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Located on the corner of Marine Drive and 3rd Street

Located on the corner of Marine Drive and 3rd Street

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Medications

medicationIn addition to being “windows to the soul”, your eyes are also a clear indicator—or window—to your overall general health. That’s why it’s so important to understand the relationship between your eyes and any medications you may currently be using. Since eye doctors can use your eye health as a predictor or measure of your general health, all medications that could affect your eyes need to be discussed with your eye care professional.

Can non eye-related medications affect my eyesight?

Yes, they can. Because of its rich blood supply and relatively small mass, the eye is susceptible to certain drugs and toxic agents. Many medications, both prescription and nonprescription (over the counter) can alter the quantity or the quality of your vision, or pose a threat to your future eye health.

Your current medications and healthy sight actually go hand in hand, and need to be discussed with your eye doctor.

How can medications affect eyesight?

Potential adverse effects of medications on your eyes can be classified into three basic categories:

  1. Medications that can cause blurred vision or alter your eyes’ ability to adjust to the environment can affect your quantity of vision.
  2. Medications that can induce glare, increase light sensitivity, or impair light-dark adaptation affect your quality of vision.
  3. Medications that can contribute to the development of ocular disorders. Certain medications can become a factor in developing disorders such as: cataracts, keratopathies, retinopathies, maculopathies, optic neuropathies, and glaucoma. These potential effects of certain medications are typically long term, potentially more serious, and pose a greater threat to vision. However, their progression can usually be prevented (or limited) if recognized early and the offending agent is discontinued or the dosage reduced.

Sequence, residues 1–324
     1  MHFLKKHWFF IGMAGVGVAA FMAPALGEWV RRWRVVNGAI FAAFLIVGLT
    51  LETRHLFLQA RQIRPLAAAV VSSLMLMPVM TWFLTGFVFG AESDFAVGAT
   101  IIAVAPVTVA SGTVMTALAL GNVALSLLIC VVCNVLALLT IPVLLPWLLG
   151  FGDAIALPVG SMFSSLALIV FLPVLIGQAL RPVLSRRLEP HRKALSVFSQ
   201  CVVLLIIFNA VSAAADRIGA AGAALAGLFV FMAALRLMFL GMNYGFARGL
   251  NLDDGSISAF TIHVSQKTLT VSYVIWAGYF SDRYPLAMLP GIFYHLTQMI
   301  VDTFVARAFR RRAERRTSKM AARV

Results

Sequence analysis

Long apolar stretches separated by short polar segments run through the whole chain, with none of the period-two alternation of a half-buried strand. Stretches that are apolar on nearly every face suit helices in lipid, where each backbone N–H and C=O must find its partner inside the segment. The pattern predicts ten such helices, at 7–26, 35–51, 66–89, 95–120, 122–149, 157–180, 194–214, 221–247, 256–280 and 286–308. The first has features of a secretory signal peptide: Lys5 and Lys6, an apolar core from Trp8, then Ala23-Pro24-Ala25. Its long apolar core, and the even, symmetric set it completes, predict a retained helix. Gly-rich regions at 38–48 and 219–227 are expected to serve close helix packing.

Are there other factors to consider connecting medications and eyesight?

There is a growing body of experimental and epidemiological evidence connecting chronic UVR exposure with vision-threatening ocular disorders such as cataracts. Medications that either dilate the pupil (increasing the amount of UV entering the eye) or increase the effects of UV on the eye (photosensitizers) may increase the risk of developing UV-related eye disease.

If you are concerned about the effects your medications may have on your eyes, or experience any eye-related side effects, you should consult your primary care doctor or eye care professional.

 

Special thanks to the EyeGlass Guide, for informational material that aided in the creation of this website. Visit the EyeGlass Guide today!

NOTICE TO OUR PATIENTS

In response to the spread of the COVID-19 virus, we understand that your health is your main concern. To ensure safe visits to our office for our patients as well as a safe work environment for our staff, we have implemented heightened cleaning regimens.

We ask that:

If you have an appointment scheduled and have any of the symptoms of COVID-19 (fever, sore throat, cough, sneezing, difficulty breathing, and/or pneumonia in both lungs), or you have been in contact with anyone with those symptoms, please call us to reschedule.

When visiting our office, please help keep the environment as safe as possible for our other patients as we do have many elderly patients who are at increased risk should they contract the COVID-19 virus. You may do this by keeping your distance, washing/sanitizing your hands, and coughing/sneezing into your elbow.

We are committed to doing our part to stop the spread of this virus.

Thank you for your cooperation.